“Honey Comb” is a storage of ego-documets

What does the term ‘ego-document’ mean? In Latin, the word ‘ego’ means ‘I’; ‘me’, and the word ‘documentum’ means ‘instructive example’; ‘testimony’; ‘proof’. The term ‘ego-document’ was first used by Jacob Presser (1899-1970), who studied the painful experience of Jews during the World War II. Nowadays, this term should be referred to as ‘self-narratives’, ‘testimonies to the self’ or similar.

An ego-document is a written testimony of something, it is a material object (paper, drawing, photo, film) in which some knowledge is recorded. Historians refer to it as to a personal document, while literary scholars call it intimate writing.

A personal testimony is the primary source of research on cultural heritage. Personal documents not only reveal the facts of history, but also provide important information about a person of a particular era in a particular country. Ego-documents help to get to know little-studied aspects of historical periods, to research a particular phenomena through an individual and a personal lense. Scholars distinguish the following types of ego-documents: diaries, memoirs, letters, postcards, songbooks, and etc.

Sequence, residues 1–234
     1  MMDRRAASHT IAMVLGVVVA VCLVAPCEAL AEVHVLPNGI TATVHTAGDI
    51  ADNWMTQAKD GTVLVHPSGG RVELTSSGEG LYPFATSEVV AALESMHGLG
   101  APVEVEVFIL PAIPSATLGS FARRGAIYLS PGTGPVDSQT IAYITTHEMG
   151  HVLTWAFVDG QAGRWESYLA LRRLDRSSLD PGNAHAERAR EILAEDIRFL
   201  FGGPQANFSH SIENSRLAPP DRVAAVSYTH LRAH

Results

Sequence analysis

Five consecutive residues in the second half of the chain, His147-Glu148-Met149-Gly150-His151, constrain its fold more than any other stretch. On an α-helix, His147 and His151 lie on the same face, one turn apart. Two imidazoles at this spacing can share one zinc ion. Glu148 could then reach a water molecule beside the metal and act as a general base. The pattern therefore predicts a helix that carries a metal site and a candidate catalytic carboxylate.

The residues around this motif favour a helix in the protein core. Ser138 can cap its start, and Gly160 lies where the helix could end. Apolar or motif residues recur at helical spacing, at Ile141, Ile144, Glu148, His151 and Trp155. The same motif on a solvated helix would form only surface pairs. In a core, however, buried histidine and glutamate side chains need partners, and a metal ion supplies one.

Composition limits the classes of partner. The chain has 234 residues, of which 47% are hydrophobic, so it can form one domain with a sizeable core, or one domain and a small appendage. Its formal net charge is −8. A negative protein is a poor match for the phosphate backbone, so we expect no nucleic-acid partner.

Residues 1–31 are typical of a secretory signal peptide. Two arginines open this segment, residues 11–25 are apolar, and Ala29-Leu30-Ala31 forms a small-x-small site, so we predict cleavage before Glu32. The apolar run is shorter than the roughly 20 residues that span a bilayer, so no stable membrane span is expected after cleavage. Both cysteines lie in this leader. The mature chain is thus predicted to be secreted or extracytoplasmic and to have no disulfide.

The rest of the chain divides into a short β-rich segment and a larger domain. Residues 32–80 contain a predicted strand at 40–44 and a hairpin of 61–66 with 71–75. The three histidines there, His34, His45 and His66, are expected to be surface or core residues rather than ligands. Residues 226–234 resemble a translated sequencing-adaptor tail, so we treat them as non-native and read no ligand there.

Ego documents are stored in memory institutions, state institutions (for example, libraries, archives, museums) and personal collections. Digitized ego documents are stored in databases (for example the webpage “Honey Comb”). There are already a lot of different memories, interesting old photos, letters, postcards. We strongly encourage you to submit your ego-documents – they will definitely interest many members of your community.

Useful links for more information on ego-documents:
– Ego-documents as research material. (https://www.utu.fi/en/news/news/ego-documents-as-research-material);
– Ego-documents– some remarks about Polish and European historiographical and methodological experience (https://apcz.umk.pl/czasopisma/index.php/BPMH/article/viewFile/2055/2033);
– Ego-Documents As First-Person Writings: the State of Research in Lithuania and the Diaspora (https://www.balther.net/wp-content/uploads/2016/12/Pacevicius_ENG.pdf)